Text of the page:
Above, Bangkok’s Wat Arun is a Buddhist temple with five prangs (towers). Four towers are at the corners of a square, with a central tower rising above the others. As we would later learn in Cambodia, this architecture is Khmer. Wat Arun was built in the 1800s.
These elephant statues welcome visitors. Elephants, used for battle and logging, symbolize strength. We saw many flower decorations in Thailand.
The central prang has several levels where people can walk around the prang. The levels connected by stairways on each axis (north, south, east, and west). The prang and stairways get progressively steeper. Below people are climbing two stairways, with one more stairway above them.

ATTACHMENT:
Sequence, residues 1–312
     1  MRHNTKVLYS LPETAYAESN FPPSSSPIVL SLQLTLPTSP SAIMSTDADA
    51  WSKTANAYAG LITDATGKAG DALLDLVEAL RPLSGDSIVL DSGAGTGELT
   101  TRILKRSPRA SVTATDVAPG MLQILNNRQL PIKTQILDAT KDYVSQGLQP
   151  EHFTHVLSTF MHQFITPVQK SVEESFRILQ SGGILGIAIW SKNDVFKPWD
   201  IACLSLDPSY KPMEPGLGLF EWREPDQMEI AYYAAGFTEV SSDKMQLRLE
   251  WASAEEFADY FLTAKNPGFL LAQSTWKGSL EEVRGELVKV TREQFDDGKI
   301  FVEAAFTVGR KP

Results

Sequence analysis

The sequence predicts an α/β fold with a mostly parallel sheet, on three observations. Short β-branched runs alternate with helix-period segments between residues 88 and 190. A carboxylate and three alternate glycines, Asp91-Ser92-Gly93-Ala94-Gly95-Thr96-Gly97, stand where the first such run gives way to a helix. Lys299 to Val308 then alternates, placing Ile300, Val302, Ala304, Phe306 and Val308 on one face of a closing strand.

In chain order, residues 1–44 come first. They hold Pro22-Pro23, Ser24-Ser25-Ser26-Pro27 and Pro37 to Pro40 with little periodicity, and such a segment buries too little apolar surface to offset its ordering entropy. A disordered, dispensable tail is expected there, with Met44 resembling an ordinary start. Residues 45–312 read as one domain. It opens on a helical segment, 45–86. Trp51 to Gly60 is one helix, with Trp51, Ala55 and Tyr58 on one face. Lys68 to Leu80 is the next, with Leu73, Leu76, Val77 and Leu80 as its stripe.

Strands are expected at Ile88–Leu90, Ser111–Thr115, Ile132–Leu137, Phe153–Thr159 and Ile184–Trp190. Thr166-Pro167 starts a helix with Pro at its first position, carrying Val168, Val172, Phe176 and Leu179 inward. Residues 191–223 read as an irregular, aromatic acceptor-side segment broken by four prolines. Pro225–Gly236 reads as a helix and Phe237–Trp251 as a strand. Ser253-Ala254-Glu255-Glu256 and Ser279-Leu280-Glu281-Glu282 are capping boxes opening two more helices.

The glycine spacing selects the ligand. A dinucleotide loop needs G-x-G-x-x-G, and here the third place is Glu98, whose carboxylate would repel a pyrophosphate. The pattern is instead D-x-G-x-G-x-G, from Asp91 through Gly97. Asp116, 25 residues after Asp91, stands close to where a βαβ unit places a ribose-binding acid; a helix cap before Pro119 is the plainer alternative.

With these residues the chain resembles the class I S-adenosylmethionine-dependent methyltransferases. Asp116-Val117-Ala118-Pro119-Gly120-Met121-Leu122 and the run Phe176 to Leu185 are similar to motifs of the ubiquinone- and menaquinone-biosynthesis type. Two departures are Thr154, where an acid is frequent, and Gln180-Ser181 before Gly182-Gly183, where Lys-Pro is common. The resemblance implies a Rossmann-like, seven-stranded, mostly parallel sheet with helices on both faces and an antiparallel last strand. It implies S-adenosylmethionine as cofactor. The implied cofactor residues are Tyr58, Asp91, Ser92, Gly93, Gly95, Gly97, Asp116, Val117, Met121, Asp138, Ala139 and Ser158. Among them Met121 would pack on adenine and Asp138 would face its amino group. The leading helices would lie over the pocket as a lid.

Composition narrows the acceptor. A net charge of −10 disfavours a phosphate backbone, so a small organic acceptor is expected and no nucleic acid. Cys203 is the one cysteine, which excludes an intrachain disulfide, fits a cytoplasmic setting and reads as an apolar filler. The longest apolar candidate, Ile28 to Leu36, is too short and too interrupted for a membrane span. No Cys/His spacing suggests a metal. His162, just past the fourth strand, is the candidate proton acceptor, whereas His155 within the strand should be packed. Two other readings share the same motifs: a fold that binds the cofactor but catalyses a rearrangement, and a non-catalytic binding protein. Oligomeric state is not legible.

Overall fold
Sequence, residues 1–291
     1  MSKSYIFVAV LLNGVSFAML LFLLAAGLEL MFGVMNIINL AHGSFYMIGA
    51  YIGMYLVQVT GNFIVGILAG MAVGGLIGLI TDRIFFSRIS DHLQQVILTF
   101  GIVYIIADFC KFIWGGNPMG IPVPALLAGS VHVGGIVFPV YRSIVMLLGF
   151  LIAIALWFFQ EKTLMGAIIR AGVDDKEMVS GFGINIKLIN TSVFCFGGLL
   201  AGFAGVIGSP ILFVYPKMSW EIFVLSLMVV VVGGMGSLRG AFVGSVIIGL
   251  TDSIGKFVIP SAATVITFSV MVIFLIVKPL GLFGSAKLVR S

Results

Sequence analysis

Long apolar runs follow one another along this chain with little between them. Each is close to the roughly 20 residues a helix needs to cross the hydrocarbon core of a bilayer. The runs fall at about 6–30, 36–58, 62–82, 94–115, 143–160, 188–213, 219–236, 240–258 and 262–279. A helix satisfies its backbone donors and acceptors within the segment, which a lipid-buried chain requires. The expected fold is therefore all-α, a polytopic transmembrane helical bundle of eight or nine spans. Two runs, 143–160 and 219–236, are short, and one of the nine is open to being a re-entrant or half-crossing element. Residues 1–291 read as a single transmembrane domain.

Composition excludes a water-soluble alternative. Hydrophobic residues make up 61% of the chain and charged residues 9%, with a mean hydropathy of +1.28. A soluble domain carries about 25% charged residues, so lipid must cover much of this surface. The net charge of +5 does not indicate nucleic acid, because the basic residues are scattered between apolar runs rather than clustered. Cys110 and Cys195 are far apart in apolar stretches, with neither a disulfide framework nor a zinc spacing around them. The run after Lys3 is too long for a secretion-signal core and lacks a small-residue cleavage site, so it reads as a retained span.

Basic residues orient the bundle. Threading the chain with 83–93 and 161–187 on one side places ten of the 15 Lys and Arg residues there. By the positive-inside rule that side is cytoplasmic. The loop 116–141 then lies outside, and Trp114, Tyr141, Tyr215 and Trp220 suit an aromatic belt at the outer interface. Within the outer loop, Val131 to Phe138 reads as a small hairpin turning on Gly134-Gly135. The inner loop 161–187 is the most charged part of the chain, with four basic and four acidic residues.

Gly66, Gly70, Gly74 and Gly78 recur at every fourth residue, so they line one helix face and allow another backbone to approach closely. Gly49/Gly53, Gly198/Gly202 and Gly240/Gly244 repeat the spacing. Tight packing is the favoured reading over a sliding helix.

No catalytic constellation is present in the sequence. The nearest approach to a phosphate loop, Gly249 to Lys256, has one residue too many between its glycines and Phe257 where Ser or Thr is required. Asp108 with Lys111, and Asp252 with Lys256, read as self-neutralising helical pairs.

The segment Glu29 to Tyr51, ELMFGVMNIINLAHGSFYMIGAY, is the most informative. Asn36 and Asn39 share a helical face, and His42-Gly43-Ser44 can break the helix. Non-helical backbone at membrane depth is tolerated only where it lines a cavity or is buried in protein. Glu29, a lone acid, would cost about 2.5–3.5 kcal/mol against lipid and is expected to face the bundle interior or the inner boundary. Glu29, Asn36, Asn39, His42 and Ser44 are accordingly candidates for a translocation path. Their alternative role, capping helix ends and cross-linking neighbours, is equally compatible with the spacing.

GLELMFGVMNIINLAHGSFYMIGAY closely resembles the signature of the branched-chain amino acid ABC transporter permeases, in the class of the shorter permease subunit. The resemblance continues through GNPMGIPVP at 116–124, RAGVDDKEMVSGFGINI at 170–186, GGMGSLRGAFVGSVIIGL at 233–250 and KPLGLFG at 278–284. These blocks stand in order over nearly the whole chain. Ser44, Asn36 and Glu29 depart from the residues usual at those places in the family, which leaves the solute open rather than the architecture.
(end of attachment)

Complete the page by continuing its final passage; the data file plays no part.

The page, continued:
The prangs are faced with mosaics of Chinese porcelain. There are beautiful photos of Wat Arun at sunset, bathed in a golden glow. But the air was so hazy when we visited that we never saw a colorful sunset.
A corner prang is being renovated.
This crop shows two workers hoisting a piece of scaffolding. They’re standing on tubes of scaffolding. Do you see any safety harness? My hands get sweaty… The ornate decorations on the prang have much more detail than one can see from the ground.
In the bustling city that is Bangkok, Wat Arun is a relaxing place to watch the river, see the Bangkok skyline, and get an overview of the city. The opening photo of my Bangkok and Boat Transportation post was taken from the central prang of Wat Arun.